We had breakfast at a beautiful cafe next door. It seemed a little overpriced but was a nice place to sit. We then went to the Tophane tram stop to ride to Sultanahmet, home of lots of major sites, but there was no way to buy tickets there so we had to walk to the next stop down. We got single-ride tokens because there didn't seem to be a way to buy multi-use cards there. After riding to Sultanahmet we stopped at Tourist Info to ask about multi-use cards and it turns out they can only be bought at certain newspaper kiosks -so they ARE available, it's just not obvious where to get them.
It was easy for the three of us to agree on our first stop - the Hagia Sophia! There was already a line, though it wasn't too long (yet - when we went past later it was crazy) and went quickly. Admission is 25 Turkish lira, about 11 Euro. A little expensive, as most of the sites turned out to be. Admission fees, while completely necessary for maintenance of old sites, do generally make it harder for me to really appreciate things - but nothing could hinder my appreciation of the Hagia Sophia. It was amazing. Any part that isn't covered in painted patterns is covered in mosaics. You should go there (early in the day).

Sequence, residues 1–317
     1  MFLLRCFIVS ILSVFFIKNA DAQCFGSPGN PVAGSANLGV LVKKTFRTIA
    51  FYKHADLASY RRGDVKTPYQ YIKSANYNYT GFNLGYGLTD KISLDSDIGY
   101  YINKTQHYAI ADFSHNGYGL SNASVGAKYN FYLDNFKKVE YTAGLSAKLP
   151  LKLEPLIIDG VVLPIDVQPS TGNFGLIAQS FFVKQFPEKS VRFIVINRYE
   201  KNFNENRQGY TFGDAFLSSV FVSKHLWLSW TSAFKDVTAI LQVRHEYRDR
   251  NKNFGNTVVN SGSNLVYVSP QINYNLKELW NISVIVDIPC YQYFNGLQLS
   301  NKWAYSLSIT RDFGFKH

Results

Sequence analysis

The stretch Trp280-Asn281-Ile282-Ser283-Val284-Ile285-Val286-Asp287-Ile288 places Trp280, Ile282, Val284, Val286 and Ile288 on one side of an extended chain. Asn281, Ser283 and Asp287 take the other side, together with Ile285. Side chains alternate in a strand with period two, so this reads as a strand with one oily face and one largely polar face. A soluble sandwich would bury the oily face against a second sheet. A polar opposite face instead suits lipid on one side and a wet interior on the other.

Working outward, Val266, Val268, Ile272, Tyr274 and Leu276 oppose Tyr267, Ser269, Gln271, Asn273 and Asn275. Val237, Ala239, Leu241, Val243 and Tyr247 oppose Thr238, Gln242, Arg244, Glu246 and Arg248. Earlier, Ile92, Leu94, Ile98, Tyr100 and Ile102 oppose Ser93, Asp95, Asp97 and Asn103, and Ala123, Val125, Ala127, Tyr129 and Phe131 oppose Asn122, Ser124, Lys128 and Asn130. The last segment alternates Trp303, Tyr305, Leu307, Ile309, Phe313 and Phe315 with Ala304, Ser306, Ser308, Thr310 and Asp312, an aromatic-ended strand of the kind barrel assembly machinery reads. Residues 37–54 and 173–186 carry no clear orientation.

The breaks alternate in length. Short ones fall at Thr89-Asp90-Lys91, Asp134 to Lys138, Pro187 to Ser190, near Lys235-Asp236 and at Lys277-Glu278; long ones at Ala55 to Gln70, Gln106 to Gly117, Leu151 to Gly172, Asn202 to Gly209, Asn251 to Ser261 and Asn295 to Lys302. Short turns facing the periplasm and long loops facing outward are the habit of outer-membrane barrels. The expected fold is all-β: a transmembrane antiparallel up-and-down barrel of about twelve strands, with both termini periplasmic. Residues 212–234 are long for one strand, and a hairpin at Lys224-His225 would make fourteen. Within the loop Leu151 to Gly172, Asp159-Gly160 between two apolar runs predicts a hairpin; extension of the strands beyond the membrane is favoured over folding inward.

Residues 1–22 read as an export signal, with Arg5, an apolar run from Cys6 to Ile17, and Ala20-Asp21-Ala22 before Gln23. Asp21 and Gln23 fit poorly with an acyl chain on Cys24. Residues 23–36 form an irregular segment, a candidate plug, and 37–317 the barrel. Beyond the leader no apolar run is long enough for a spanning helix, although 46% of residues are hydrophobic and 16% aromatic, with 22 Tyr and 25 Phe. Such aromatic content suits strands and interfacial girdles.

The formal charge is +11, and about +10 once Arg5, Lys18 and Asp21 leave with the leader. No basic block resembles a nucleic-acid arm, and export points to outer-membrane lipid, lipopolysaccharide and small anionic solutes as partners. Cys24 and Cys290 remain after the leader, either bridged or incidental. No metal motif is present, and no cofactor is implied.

M brought our buddy Rick with her and I have to admit that he came in handy for finding decent food when stuck in very touristy places (where I always just dread having to find good, reasonably priced food). We had lunch in a nearby courtyard cafe that he recommended and it was pretty nice. This was also about the time we first saw people selling spirographs on the street! I think that's the first time I've ever actually had any level of interest in what one of those people was selling. (They're the same guys that usually have those light-up things you toss in the air, or the balls you splat on walls, etc...)
After lunch we walked through the Hippodrome, an area where there used to be chariot races back in Roman days. There's not much left of that, but there are some interesting things - an obelisk from Egypt, the base of an old sculpture, and a fountain given to Istanbul by a German kaiser. It's right next to the Blue Mosque, so we went in there, too. It really is blue inside - gorgeous. At this point I'm going to admit confusion on the issue of non-Muslim women covering their heads inside mosques. Almost no one was and no one was enforcing it. Signs did say to do it. As for removing your shoes, though, there is no question - they must come off and they provide baggies so you can carry them with you. This is enforced.